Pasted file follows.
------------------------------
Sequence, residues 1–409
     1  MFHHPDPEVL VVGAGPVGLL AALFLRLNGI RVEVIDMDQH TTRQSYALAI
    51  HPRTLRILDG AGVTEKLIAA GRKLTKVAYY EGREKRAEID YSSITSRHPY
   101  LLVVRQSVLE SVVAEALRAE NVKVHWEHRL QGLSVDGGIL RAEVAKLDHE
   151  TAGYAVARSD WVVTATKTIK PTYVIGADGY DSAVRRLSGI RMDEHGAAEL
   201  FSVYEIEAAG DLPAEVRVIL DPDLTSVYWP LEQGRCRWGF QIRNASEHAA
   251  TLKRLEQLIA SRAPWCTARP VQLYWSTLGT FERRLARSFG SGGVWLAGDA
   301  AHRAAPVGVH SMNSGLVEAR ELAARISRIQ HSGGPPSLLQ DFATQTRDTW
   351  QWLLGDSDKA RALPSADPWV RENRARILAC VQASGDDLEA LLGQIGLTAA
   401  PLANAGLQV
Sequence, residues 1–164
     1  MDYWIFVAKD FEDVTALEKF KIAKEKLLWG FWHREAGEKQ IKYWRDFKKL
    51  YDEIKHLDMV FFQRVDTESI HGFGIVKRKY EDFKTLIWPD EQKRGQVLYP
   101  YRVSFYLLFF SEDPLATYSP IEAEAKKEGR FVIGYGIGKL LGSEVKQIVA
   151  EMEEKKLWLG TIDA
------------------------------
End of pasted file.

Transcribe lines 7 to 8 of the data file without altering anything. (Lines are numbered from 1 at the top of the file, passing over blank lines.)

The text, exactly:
   251  TLKRLEQLIA SRAPWCTARP VQLYWSTLGT FERRLARSFG SGGVWLAGDA
   301  AHRAAPVGVH SMNSGLVEAR ELAARISRIQ HSGGPPSLLQ DFATQTRDTW